Although it is not readily apparent why these vulnerabilities were targeted, this is a large scale campaign that could easily pivot to other targets.

Breaking Down the Attack Data

The majority of these attacks are attempting to insert a malicious JavaScript located at count[.]trackstatisticsss[.]com/stm (typically followed by what appears to be a version query string to prevent caching) into a site in the hopes that they’ll be executed by an administrator’s browser. In some cases these attempts include the plain URI of the malicious script, while in others they rely on String.fromCharCode to obfuscate the injected script location. Earlier iterations of these attacks appear to have used ws[.]stivenfernando[.]com/stm as the malicious payload.

Note: all screen shots contain deobfuscated/beautified versions of the scripts in question for readability.

The script checks to see if the victim has any WordPress login cookies set:

The malicious script's "check_adm" function.

If the victim is not logged in, and is not on the login page, it redirects them to a malvertising URL. If the victim is logged into the site, the script attempts to inject a malicious PHP backdoor into the current theme’s header file, in addition to another malicious JavaScript:

The malicious script's "make_theme" function.

Here’s a deobfuscated version of that PHP backdoor:

The PHP Backdoor added to the theme's header

The backdoor downloads yet another payload from https://stat[.]trackstatisticsss[.]com/n.txt, base64_decodes it, saves it to a temporary file htht, attempts to execute it by including it in the theme header, and then removes the temporary file. This method would allow the attacker to maintain control of the site, as they could simply change the contents of the file at https://stat[.]trackstatisticsss[.]com/n.txt to code of their choice which could be used to embed a webshell, create a malicious administrator, or even delete the entire contents of the site. While we have not included the current final payload for brevity, its functionality is to prepend a variant of the initial attack script to every JavaScript file and every .htm, .html, and .php file named “index” on the site, re-check every 6400 seconds to verify that the site is still infected, and reinfect the site if necessary.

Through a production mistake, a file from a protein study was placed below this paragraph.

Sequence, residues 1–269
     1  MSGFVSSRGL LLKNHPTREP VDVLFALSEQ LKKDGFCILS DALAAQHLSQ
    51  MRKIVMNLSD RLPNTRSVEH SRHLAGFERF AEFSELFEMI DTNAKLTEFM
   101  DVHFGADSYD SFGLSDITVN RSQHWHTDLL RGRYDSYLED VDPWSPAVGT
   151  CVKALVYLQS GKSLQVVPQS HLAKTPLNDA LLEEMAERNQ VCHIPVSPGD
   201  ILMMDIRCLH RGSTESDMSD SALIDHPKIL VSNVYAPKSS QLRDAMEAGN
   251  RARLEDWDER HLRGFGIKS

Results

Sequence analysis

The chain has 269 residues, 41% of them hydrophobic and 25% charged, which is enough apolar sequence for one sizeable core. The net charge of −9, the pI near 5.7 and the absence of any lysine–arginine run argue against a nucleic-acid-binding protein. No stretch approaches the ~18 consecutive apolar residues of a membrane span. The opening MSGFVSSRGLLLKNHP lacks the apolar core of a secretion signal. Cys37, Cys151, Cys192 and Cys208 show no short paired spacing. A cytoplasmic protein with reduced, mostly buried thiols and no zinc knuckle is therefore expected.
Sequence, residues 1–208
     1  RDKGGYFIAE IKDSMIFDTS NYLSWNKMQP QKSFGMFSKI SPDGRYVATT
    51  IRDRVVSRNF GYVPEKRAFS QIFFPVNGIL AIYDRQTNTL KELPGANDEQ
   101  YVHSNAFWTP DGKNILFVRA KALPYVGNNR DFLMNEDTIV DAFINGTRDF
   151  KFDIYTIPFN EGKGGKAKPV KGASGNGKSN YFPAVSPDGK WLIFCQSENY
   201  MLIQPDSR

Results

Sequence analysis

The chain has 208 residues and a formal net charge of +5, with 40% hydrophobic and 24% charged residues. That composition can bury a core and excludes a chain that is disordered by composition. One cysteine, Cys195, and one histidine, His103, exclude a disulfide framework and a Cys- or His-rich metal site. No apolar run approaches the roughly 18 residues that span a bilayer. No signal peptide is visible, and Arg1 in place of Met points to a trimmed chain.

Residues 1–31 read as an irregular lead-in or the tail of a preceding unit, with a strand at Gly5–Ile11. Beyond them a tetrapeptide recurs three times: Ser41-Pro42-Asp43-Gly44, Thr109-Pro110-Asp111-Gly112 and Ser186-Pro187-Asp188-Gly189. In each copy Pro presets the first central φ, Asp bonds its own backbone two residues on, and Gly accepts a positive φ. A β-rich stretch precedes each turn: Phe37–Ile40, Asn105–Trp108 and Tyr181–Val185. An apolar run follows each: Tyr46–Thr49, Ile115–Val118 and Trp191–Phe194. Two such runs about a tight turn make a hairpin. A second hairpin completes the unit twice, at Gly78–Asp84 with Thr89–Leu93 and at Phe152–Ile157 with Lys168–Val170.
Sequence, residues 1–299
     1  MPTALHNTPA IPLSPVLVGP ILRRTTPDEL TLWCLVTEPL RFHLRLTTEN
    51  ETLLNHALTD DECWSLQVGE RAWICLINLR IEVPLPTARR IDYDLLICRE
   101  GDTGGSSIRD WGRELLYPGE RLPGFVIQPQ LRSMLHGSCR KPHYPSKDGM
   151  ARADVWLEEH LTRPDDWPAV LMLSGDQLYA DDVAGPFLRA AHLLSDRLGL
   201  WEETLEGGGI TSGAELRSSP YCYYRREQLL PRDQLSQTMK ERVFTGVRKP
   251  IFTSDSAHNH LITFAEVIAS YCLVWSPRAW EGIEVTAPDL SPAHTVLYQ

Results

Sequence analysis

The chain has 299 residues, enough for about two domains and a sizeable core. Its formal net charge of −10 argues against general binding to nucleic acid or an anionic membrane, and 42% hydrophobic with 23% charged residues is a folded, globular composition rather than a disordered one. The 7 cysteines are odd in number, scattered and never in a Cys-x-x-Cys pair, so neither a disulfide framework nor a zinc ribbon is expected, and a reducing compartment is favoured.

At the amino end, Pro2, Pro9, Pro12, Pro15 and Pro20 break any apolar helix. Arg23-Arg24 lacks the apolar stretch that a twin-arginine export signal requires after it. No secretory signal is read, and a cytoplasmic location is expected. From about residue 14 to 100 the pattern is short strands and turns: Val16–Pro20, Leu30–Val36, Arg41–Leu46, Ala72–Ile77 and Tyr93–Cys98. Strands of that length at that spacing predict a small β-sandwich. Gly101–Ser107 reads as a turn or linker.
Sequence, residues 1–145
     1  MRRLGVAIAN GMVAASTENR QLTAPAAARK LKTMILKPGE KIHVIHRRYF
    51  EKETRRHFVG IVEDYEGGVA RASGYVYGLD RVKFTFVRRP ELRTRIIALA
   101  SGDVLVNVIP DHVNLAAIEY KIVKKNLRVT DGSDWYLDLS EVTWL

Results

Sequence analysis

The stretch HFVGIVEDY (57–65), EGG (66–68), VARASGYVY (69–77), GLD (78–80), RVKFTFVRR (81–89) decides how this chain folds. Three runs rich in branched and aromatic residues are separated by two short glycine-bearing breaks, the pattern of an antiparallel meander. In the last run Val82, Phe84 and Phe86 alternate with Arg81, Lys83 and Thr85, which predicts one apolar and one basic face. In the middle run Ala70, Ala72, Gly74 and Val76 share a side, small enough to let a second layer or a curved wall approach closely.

Indicators of Compromise

The current final payload uses the following strings to determine whether or not the site’s files have already been infected, and as such they can be considered reliable Indicators of Compromise(IOCs):

hjt689ig9
trackstatisticsss

The current final payload also writes timestamps denoting when the site was last checked for reinfection to a file named debugs.log (note the misspelling).

Additionally, this campaign appears to be associated with another domain, stivenfernando[.]com and as such any occurrences of this domain on your site or in your logs should be considered a potential Indicator of Compromise.

Unfortunately it is impractical to list all of the IP addresses performing these attacks, but the top 10 attackers by request volume are listed below:

185.189.13.165
198.154.112.83
89.179.243.3
132.148.91.196
104.236.133.77
188.166.176.210
77.238.122.196
74.94.234.151
188.166.176.184
68.183.50.252

What should I do?